62 posted on 05/04/2005 10:13:47 AM PDT by PaRebel (Visualize whirled peas!)
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To: PaRebel

make that "The Deep Hot Biosphere".


63 posted on 05/04/2005 10:14:53 AM PDT by PaRebel (Visualize whirled peas!)
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To: Robert_Paulson2
All change is threatening to somebody and at some point necessity must win the day.

I don't care if the people with current power want to be able to afford 24K gold jock straps, the people will drive the innovations forward IMO. If not here, some small less industrialized country will all of a sudden have it and pass it on IMO.

You give industialists too much credit for being able to rule the world IMO.
64 posted on 05/04/2005 4:19:55 PM PDT by A CA Guy (God Bless America, God bless and keep safe our fighting men and women.)
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To: wita

I think by now we should have cheap desalinization of oceans for fresh water supplies and we should have alternative sources of cheap energy.

For heaven's sake, all this talent and America can't get this done?
I don't know about that or decades more being needed.


65 posted on 05/04/2005 4:30:58 PM PDT by A CA Guy (God Bless America, God bless and keep safe our fighting men and women.)
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To: PaRebel

See post #54 where I say that...

The only adherents to Gold's (ond others) theories are those who also subscribe to global warming... Science and FACT over theory...


66 posted on 05/04/2005 5:31:50 PM PDT by Grimas
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To: Nataku X
Even if the batteries were made out of hay, they'd successfully petition to make them illegal.

Preach it, sister. It has never been about the environment or oil.

67 posted on 05/05/2005 1:51:30 AM PDT by tortoise (All these moments lost in time, like tears in the rain.)
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To: A CA Guy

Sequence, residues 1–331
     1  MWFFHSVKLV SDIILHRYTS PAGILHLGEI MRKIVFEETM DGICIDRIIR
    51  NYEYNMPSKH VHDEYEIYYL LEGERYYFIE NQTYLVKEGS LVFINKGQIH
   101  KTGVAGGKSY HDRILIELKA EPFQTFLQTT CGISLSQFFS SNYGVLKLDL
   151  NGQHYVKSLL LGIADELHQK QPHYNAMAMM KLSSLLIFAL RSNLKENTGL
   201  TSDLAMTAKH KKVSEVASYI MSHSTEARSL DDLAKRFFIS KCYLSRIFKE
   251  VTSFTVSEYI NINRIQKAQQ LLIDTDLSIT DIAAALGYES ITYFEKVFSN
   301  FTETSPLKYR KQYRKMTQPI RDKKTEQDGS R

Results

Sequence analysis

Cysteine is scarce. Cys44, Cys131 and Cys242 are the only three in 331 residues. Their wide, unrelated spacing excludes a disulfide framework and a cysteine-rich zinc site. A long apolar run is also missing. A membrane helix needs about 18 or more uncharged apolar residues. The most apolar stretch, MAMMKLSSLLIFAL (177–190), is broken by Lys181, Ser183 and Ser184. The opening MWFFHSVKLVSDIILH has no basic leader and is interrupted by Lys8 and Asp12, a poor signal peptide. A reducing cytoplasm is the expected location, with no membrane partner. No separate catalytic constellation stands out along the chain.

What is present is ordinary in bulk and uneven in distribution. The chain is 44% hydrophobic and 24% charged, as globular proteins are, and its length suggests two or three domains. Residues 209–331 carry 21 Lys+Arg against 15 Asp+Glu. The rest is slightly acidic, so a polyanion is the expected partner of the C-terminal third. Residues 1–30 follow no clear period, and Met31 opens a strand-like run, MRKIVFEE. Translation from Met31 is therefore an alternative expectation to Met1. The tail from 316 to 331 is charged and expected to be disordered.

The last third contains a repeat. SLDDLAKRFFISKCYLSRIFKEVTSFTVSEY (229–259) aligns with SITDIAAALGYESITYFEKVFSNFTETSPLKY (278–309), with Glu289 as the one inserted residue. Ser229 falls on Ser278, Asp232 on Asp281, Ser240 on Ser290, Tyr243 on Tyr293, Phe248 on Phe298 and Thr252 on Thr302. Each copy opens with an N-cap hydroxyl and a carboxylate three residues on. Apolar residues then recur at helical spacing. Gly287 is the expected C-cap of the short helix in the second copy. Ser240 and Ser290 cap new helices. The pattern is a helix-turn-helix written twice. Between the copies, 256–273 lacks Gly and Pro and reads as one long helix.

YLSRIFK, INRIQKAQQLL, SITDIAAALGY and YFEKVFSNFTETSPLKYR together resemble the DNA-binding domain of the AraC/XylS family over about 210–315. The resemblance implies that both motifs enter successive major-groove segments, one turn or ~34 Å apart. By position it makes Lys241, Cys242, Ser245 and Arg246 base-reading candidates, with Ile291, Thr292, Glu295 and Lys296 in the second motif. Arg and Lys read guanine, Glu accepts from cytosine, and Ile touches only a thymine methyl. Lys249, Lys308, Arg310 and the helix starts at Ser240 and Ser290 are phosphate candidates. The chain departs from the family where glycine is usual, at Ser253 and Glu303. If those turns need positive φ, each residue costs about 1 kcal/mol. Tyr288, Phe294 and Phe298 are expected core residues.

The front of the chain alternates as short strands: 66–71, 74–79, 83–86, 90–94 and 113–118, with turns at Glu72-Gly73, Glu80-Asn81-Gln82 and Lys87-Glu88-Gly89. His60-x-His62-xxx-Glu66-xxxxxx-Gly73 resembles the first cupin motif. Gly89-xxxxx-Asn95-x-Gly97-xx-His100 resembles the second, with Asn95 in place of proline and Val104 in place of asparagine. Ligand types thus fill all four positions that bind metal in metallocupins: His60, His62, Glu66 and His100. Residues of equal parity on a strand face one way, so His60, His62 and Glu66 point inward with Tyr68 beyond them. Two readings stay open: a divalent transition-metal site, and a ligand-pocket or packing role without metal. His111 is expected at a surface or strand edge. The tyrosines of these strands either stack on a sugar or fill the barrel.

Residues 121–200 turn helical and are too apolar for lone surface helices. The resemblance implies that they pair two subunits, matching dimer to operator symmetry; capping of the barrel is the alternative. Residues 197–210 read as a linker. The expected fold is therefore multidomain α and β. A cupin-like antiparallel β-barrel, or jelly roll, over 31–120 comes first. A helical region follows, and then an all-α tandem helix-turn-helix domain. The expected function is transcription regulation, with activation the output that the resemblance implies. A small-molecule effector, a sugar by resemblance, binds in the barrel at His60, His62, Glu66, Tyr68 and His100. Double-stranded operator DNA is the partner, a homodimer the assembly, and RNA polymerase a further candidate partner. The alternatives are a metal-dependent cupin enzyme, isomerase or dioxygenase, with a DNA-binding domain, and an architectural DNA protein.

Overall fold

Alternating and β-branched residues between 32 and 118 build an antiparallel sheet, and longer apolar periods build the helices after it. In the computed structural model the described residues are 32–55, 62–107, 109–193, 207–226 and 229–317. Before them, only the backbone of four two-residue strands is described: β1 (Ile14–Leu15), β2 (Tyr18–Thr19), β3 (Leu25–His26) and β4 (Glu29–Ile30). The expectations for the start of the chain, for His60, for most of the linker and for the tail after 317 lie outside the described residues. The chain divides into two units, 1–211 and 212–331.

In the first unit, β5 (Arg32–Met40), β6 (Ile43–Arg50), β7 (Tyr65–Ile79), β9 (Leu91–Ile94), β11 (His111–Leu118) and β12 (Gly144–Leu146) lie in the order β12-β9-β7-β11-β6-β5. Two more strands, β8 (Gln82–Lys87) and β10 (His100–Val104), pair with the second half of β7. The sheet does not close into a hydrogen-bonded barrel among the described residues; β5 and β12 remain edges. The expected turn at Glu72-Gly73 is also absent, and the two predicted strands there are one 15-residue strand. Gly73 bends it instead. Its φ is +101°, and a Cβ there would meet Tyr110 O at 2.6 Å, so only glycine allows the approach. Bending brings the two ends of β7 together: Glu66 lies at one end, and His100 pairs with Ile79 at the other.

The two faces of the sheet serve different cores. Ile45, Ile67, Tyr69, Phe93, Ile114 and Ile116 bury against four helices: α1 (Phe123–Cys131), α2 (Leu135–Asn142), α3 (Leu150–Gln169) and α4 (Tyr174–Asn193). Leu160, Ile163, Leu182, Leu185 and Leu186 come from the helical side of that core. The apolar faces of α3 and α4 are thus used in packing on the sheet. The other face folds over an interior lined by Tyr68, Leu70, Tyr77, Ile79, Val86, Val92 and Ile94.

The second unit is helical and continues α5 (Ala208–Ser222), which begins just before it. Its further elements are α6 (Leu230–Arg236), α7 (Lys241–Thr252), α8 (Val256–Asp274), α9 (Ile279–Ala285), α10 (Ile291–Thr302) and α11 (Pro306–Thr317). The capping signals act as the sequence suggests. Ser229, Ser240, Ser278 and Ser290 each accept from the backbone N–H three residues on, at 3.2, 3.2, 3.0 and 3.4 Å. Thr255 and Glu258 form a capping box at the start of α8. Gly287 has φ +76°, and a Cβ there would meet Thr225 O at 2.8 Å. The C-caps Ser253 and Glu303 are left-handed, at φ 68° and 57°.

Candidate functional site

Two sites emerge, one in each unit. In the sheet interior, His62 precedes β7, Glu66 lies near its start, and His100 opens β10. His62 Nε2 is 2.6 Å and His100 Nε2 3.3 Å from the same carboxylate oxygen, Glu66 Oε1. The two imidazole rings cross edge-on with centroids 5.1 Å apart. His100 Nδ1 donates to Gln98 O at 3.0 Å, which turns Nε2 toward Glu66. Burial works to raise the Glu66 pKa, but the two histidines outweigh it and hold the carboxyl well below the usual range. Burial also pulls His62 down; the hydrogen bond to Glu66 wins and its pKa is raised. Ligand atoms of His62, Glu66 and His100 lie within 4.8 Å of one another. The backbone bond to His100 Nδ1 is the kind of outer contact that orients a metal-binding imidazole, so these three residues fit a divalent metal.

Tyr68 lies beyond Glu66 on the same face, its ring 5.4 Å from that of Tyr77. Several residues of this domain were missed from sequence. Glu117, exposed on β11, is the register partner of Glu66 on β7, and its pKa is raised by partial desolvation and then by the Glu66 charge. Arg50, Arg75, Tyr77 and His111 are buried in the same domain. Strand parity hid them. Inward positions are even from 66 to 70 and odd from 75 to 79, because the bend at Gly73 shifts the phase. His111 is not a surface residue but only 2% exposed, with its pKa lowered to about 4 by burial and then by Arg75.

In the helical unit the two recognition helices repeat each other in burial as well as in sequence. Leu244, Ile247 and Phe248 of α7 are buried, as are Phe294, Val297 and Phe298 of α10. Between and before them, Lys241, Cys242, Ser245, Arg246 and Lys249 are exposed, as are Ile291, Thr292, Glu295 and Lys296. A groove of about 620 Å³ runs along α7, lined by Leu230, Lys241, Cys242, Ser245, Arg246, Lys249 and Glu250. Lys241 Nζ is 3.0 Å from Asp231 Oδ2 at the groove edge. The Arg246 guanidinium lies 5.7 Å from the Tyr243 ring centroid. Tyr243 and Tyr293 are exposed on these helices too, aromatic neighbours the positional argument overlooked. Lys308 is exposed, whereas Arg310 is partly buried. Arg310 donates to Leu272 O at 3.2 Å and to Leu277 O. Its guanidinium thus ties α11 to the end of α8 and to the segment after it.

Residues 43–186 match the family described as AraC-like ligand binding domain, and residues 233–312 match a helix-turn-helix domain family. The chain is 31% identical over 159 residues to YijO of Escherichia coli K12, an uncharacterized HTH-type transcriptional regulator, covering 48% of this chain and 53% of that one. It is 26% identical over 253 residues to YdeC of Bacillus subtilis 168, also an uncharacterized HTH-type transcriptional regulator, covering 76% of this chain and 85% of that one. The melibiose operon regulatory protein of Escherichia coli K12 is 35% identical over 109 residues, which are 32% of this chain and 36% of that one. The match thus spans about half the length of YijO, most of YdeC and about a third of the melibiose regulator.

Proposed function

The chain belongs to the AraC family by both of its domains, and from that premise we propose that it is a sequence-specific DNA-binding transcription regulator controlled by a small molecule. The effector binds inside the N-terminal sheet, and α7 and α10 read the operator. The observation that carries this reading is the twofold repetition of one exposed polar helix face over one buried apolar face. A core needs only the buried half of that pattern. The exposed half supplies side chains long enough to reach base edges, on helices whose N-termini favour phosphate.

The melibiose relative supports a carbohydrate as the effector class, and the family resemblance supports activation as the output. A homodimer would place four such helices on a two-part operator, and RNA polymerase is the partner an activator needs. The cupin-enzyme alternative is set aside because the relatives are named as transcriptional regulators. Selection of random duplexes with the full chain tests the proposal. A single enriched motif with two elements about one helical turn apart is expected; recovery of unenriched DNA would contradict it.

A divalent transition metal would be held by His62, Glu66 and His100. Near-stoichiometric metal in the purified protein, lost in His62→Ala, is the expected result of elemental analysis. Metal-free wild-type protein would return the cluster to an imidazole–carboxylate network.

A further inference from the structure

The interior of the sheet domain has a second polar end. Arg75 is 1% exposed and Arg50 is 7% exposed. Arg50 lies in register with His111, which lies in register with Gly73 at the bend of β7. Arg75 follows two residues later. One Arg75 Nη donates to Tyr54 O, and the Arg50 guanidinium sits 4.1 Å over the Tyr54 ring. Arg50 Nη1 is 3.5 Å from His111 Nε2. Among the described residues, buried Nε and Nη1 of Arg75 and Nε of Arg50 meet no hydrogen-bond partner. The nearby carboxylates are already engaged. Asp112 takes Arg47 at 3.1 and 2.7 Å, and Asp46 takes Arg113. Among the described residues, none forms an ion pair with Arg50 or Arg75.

Interesting you should mention desalinization. A few years ago My wife and I were on a cruise. One of the destinations was Aruba. There is no natural water supply on Aruba other than rain, and that apparently is sporadic althought enough to supply the population.

What they did was turn the roofs of their buildings, houses, etc, into drain systems ending up in large cisterns. That was the water supply until the government went into the desalinization business, building a large plant to supply the island.

In the process they required everyone to be on the system, destroy the previous water works, and make having one of the old ones illegal. Brilliant, now why didn't I think of that. I shoulda had a patent. NOT!

Speaking of technology, when one considers all involved in replacing the present energy source, and its manufacturing and distribution channels, one can quickly see there is not going to be a quick fix for the present source, unless the discovery is so cheap, and so available as to be instantly useable on a national scale.

On a list of things nearly impossible, this one shall remain very near the top. I'm sure all of us would welcome cheap, clean, and unlimited, but the laws of physics, science, economics and reality, cannot so easily be ignored.


68 posted on 05/05/2005 5:04:09 AM PDT by wita (truthspeaks@freerepublic.com)
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To: Grimas

The "fossil" theory of oil is just that....a theory. Many reputable scientists say that the abiogenic theory answers more questions about the origins of oil than the "fossil" theory.

The theory that answers more questions is usually considered the best theory.

I am not familiar with the facts supporting your statement that "the only adherents to Gold's(ond others)theories are those who also subscribe to global warming...(sic)".

I, for one, see the abiogenic theory as more informative than the fossil theory, and I certainly do not subscribe to man-made global warming scenarios. Global warming AND cooling, however, are well established.

It is inevitable that there is strong resistance to any new idea, notwithstanding the fact that the abiogenic theory is not new, only new in the West. New ideas unsettle the status quo with all the implications thereof. Heck, careers come into question!!! People have to retool thinking processes, never a painless process. Why some people have to admit they were wrong. And we all know how painful that can be. Heck, I know people who would never, under any circumstance, admit they had been wrong!! LOL!!!


69 posted on 05/05/2005 7:22:54 AM PDT by PaRebel (Visualize whirled peas!)
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To: gogipper

Oil, Oil Everywhere
The Wall Street Journal Opinion Journal ^ | Sunday, January 30, 2005 12:01 a.m. EST | PETER HUBER AND MARK MILLS
Posted on 01/30/2005 10:24:37 AM CST by Woodworker
http://www.freerepublic.com/focus/f-news/1331914/posts

Also, another idea:

Anything into Oil(solution to dependence on foregn oil?)
DISCOVER Vol. 24 No. 5 ^ | May 2003 | Brad Lemley
Posted on 04/21/2003 7:57:41 AM CDT by honway
http://www.freerepublic.com/focus/f-news/897232/posts


70 posted on 05/30/2005 9:57:12 AM PDT by hripka (There are a lot of smart people out there in FReeperLand)
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To: hripka

Cool!


71 posted on 05/31/2005 5:39:19 PM PDT by gogipper